ever outside of Him; and what happens after we have done a thing is just
what must happen, nothing more and nothing less, so that we can never
hope to escape the good or the evil of what we have done; for the way
things must happen is just God's character that never changes. You see
the reason we can choose between right and wrong when a tree can't, or a
beast, is just because God's power of choice is in us and not in them.
So we use His power, and when we use it right and think about pleasing
Him - for, you see, we know He can be pleased, for our minds are just
bits of His mind (as far as we know anything about Him; but of course we
only know a very little) - He puts a tremendous lot of strength into us,
so that we can go on doing right next time. Of course it's a low sort of
right when we don't think about Him, for that's the most of what He
wants us to do; but I tell you" (a little personal fire and energy here
broke the calm of the recital), "I tell you, when I do look up to God
and say, '_Now I am going to do this for Your sake and because You are
in me and will do it_,' I tell you, there's _tremendous power_ given us.
_That's the law that makes the value of religion_; I know it by the way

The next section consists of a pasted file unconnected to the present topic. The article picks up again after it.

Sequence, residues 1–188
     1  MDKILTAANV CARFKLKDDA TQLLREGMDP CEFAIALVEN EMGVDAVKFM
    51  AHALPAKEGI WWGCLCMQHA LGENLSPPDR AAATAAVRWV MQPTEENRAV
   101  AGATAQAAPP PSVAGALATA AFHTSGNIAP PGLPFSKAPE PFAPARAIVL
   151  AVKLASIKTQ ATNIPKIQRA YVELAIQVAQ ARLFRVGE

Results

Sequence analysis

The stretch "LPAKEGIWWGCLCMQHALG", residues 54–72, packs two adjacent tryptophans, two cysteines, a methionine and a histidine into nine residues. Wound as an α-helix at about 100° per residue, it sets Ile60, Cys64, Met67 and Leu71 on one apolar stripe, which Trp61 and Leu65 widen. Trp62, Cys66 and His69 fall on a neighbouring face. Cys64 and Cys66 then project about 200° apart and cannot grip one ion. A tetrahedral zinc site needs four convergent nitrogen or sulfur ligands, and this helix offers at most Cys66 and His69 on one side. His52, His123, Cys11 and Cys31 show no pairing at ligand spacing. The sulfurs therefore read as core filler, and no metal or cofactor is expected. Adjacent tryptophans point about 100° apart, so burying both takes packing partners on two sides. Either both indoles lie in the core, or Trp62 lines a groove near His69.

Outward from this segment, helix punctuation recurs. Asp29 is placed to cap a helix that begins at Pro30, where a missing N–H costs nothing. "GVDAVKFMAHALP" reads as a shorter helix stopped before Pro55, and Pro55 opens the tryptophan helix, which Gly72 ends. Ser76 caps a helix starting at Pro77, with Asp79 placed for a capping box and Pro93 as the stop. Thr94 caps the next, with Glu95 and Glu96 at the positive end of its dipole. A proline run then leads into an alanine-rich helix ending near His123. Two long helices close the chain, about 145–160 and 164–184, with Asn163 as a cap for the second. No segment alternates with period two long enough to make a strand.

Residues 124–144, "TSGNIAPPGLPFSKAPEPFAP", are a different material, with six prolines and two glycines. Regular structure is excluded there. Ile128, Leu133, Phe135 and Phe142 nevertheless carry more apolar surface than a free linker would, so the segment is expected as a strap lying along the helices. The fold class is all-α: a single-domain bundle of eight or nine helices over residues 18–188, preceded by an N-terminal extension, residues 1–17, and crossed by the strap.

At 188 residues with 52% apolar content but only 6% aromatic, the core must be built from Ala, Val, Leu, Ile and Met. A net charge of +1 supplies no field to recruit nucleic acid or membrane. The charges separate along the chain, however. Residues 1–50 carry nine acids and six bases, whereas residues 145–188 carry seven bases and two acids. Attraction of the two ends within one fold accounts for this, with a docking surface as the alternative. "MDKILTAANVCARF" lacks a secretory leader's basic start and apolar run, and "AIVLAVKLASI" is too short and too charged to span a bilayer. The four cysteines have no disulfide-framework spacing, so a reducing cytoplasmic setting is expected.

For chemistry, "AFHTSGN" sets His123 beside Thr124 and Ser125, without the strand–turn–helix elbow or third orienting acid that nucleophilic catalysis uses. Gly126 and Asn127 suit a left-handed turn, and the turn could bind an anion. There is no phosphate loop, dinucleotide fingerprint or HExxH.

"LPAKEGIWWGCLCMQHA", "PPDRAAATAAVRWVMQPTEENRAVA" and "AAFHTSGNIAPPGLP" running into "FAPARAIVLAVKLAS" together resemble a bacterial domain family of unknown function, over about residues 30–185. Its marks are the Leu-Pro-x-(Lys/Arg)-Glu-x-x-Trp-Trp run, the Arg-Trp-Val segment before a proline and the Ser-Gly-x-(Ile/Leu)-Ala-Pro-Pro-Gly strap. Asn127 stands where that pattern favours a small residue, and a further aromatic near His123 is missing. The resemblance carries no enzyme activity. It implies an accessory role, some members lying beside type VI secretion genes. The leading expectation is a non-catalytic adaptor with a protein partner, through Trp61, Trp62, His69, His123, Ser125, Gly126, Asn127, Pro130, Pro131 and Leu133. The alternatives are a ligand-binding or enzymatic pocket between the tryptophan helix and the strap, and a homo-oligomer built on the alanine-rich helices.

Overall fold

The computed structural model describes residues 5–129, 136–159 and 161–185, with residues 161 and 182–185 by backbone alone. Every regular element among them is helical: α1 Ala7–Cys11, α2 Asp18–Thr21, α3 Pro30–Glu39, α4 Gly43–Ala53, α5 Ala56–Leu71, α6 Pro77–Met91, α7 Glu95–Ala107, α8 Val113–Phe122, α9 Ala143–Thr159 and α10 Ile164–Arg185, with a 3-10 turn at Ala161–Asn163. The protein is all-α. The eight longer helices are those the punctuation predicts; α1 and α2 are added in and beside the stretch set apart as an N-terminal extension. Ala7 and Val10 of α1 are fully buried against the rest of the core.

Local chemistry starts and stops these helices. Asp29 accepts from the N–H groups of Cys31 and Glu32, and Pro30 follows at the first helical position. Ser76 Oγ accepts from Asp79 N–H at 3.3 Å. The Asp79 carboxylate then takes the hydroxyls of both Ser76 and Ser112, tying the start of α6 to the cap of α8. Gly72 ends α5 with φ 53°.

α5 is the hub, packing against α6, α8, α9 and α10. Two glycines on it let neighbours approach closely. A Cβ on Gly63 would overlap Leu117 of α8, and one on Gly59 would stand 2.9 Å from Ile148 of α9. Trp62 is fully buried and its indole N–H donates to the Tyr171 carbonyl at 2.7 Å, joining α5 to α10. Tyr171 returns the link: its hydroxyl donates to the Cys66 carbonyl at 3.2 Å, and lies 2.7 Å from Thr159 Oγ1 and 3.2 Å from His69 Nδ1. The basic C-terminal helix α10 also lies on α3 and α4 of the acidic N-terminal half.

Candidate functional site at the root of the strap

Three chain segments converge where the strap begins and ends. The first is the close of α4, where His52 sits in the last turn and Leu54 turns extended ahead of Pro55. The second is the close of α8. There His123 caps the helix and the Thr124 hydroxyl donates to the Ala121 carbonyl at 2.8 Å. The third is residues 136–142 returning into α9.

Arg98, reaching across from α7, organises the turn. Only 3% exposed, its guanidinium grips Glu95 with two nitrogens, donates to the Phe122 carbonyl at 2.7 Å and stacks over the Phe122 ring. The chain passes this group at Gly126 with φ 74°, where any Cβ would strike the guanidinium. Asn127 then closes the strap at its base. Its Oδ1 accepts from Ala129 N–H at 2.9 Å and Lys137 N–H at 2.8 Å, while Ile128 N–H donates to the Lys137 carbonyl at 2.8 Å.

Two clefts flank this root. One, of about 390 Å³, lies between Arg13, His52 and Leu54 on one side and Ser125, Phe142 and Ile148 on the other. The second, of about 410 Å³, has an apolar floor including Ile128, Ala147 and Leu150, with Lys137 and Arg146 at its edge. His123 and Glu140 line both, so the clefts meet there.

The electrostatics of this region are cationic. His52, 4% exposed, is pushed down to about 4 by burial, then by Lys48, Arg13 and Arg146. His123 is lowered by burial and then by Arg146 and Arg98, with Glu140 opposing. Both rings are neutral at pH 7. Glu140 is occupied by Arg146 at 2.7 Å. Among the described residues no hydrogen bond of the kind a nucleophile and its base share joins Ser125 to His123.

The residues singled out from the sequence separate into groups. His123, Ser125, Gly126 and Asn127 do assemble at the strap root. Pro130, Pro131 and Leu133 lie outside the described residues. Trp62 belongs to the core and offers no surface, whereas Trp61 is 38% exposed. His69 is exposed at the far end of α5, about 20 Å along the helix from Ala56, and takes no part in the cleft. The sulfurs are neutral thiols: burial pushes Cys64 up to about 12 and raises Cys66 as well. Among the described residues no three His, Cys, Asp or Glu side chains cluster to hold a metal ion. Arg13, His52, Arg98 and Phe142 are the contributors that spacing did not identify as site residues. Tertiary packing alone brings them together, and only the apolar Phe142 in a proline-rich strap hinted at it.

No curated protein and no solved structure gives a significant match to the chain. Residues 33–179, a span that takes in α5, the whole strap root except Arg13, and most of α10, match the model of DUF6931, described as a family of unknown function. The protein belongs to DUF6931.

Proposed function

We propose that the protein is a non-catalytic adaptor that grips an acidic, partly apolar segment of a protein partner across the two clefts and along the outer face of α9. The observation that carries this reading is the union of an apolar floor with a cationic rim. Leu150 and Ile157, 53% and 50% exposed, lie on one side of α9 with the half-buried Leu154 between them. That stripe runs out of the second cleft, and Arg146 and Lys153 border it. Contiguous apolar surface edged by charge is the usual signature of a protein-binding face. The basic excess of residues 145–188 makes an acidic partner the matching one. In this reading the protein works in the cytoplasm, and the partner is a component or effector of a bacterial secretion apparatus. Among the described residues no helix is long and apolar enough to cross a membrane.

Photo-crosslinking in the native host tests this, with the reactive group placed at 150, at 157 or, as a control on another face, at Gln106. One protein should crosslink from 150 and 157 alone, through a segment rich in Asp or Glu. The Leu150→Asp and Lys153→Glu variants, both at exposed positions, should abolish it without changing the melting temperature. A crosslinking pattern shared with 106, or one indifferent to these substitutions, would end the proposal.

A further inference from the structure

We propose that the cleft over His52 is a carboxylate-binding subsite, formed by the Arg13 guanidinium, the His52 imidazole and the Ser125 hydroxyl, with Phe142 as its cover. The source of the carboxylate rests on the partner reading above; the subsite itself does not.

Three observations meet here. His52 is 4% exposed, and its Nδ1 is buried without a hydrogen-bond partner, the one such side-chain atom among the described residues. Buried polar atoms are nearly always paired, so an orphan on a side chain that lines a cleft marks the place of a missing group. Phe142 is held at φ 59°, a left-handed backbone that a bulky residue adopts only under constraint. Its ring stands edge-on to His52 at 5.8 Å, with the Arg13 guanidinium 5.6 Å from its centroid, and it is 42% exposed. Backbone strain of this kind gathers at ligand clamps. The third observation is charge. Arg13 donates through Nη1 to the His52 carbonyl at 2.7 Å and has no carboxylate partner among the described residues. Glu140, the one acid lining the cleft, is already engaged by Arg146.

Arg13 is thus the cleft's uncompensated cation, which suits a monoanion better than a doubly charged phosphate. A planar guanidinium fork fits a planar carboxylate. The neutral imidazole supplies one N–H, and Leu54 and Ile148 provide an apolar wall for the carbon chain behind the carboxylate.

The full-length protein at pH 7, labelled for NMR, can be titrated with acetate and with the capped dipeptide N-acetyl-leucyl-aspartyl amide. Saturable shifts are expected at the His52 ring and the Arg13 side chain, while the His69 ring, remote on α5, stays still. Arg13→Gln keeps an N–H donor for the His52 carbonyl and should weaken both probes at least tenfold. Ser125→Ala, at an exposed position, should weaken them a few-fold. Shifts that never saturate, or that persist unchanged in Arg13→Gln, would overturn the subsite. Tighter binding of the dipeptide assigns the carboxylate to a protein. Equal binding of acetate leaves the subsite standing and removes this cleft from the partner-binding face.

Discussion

I gave up drinking. But now, look here; most of the time we don't use
God's will, that He lends us, to do what's right; well, then He doesn't
slap us and put the harm out of our reach. He does just what the mother
does when she takes the child's hand and puts it against the hot thing,
and the burn hurts her as much as it hurts the child; but He is not weak
like we are to do it only once in a way. I tell you, Ann, every time you
do a wrong thing God is with you; that is what I saw when I was hard up
and God showed me how things really were. Now, look here, there isn't
any end to it that we can see here; it's an awful lot of help we get to
do the wrong thing if that's the thing we choose to do. It gets easier
and easier, and at first there's a lot of pleasure to it, but by-and-by
it gets more and more dreadful, and then comes death, and that's the end
here. But God does not change because we die, and wherever we go He is
with us and gives us energy to do just what we choose to do. It's hell
before we die when we live that way, and it's hell after, for ages and
ages and worlds and worlds perhaps, just until the hell-fire of sin has
burned the wrong way of choosing out of us. But remember, God never
leaves us whatever we do; there's nothing we feel that He doesn't feel
with us; we must all come in the end to being like Himself, and there's
always open the short simple way of choosing His help to do right,
instead of the long, long way through hell. But I tell you, Ann, whether